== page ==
Living beings are made up of cells, which conduct many functions that help in sustaining a healthy and normal life. One of the most important functions of the cell is called protein synthesis. This is done with the help of hereditary material - DNA and RNA. Both are made up of nucleic acids, and they play an important role in transferring genetic information from one generation to the other. The protein synthesis process can be divided into two important processes: transcription and translation. Both of them are done inside the cell, but they take place at different places.
Where Does Transcription Happen in a Eukaryotic Cell
Transcription is a process in which the DNA is transcribed into mRNA. This is a very important part of the protein synthesis process. Eukaryotic cells are facilitated with the nucleus, and they can have one or more nucleus, which contains the genetic materials such as DNA and RNA. These materials actively participate in the process of protein synthesis, which takes place inside the nucleus, and subsequently, mRNA is formed. Then the transcribed mRNA comes out of the nucleus pores into the cytoplasm. The translation takes place, and thus, completes the process of protein synthesis.
This process is initiated when the DNA molecule uncoils its strands by breaking the hydrogen bonds, which hold the complementary base pairs together. When the strand uncoils, one of its parts behaves as a template for the production of mRNA, and is known as anti-sense strand. The other leftover part is the sense strand. Then RNA polymerase enzyme, which has the sigma factor recognizes the DNA template. The complementary ribonucleotides are attracted towards it, and arrange themselves opposite to the template, and also to their specific sites. Only thymine is replaced by uracil in the RNA molecule (the only difference in the RNA and DNA coding). Once the molecule is completed, it detaches itself from the DNA, and rest of the DNA strands attach again with the help of a hydrogen bond. The newly formed RNA molecules contain messages for protein synthesis, hence known as mRNA or messenger RNA molecules. This molecule goes out of the nuclear membrane, and then the remaining process of protein synthesis, which consists of DNA translation is completed.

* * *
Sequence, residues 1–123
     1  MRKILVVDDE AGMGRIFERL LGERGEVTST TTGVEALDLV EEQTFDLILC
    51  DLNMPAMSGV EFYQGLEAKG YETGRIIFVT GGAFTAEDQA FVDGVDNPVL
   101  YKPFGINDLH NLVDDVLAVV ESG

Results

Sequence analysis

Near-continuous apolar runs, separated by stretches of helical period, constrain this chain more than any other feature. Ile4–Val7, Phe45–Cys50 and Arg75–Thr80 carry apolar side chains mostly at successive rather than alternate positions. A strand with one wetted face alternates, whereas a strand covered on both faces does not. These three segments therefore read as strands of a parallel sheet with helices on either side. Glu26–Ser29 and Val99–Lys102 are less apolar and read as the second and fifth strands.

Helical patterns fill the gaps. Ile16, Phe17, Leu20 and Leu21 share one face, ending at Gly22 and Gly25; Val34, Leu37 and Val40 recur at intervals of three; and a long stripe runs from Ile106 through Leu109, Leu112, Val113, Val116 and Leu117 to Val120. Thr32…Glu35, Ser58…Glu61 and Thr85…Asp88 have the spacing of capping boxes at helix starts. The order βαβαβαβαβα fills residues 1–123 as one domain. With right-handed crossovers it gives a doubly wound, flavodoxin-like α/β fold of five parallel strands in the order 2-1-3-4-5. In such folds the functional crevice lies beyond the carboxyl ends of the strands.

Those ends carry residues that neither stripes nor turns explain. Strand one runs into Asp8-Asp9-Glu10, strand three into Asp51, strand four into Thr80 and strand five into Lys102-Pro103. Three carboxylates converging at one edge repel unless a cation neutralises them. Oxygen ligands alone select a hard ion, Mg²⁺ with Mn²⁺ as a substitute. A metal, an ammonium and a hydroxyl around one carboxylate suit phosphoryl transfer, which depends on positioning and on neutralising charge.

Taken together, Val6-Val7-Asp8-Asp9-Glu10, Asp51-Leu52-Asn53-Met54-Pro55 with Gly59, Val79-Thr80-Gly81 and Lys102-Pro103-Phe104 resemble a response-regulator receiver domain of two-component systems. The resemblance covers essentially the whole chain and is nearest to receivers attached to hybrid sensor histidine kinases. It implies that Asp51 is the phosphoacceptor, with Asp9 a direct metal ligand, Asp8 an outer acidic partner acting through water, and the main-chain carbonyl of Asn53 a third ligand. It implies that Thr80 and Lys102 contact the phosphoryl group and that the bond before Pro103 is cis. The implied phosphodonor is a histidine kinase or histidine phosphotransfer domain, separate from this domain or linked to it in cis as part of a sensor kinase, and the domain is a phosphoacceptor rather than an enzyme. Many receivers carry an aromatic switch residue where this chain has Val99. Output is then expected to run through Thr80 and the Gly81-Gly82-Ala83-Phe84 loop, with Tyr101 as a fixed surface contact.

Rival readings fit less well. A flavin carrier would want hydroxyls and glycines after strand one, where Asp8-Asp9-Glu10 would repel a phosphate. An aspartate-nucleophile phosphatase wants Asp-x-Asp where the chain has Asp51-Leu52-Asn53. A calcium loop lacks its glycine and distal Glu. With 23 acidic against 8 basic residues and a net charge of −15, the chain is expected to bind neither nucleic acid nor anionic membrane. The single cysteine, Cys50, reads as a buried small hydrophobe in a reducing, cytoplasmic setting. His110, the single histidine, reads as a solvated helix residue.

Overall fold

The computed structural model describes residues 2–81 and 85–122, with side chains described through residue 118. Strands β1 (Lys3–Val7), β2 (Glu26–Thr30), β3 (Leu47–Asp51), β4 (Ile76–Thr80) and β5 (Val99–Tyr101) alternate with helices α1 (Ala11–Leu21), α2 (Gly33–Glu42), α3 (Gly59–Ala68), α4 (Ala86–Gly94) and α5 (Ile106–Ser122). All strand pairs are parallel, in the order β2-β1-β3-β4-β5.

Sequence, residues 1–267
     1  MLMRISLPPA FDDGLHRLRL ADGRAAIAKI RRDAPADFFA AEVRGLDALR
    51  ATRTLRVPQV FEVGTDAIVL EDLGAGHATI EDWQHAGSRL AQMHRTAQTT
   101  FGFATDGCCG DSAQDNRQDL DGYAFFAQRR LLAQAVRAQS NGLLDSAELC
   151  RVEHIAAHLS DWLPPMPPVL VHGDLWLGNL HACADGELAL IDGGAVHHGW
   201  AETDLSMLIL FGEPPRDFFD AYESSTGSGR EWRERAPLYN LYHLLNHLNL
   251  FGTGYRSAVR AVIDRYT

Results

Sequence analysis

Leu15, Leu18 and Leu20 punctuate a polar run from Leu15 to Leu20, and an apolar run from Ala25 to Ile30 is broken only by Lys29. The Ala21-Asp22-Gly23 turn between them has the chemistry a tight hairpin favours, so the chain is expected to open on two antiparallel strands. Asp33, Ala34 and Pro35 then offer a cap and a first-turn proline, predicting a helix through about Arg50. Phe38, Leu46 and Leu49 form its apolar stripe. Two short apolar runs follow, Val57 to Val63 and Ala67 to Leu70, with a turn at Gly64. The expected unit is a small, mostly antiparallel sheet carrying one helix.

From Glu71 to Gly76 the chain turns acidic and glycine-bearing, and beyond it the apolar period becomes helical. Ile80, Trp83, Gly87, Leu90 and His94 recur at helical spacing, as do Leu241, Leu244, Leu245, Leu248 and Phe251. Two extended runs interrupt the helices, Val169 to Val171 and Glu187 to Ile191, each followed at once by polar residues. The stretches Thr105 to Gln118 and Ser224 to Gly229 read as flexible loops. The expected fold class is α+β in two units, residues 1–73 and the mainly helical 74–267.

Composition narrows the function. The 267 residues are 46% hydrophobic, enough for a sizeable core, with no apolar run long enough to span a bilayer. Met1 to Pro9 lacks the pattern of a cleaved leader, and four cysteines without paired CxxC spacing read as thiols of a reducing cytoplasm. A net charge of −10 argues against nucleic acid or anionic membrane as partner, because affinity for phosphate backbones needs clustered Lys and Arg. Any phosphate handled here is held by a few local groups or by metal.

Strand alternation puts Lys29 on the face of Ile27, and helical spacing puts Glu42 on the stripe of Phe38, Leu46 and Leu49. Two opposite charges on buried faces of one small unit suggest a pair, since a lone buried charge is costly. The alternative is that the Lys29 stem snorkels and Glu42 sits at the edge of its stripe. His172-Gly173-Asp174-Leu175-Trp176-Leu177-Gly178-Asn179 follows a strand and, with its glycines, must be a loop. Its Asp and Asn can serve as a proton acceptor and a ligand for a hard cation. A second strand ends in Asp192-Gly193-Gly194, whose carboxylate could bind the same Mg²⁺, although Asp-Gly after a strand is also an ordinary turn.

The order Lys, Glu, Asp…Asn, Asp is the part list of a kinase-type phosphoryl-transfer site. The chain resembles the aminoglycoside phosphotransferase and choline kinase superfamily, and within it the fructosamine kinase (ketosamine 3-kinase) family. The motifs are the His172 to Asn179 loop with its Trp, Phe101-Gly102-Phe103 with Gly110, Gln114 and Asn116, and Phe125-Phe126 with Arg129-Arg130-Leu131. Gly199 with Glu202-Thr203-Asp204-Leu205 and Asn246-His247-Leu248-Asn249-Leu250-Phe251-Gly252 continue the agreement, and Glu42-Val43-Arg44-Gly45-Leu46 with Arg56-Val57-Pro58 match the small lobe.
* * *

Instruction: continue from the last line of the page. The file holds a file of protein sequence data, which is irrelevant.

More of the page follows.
Where Does Transcription Occur in a Prokaryotic Cell
Prokaryotic cells are the primitive ones that lack a nucleus. This is the reason why the entire process of protein synthesis in such cells takes place in the cytoplasm. The transcription and translation is done alongside simultaneously. The process is nearly the same as in eukaryotes, but the only difference is the location where it takes place. The eukaryotes have a membrane bound nucleus. Hence, the ribosomes do not reach the mRNA to carry on the translation process. But in the prokaryotes, the ribosome is easily available in the cytoplasm, and hence, both the processes take place simultaneously.
Transcription process in prokaryotes can be divided into three stages - initiation, elongation, and termination. In initiation, the RNA polymerase binds to the sigma factor to form holoenzyme. This enzyme recognizes the promoter region in the DNA to form a closed complex. The RNA then starts proceeding towards the elongation stage. Thus, the RNA transcript increases in length. Then finally, in the termination stage, the RNA polymerase pauses, and the mRNA molecule is terminated from the DNA molecule.
Protein synthesis is an important function of the cell, and hence, an important part of DNA research and studies.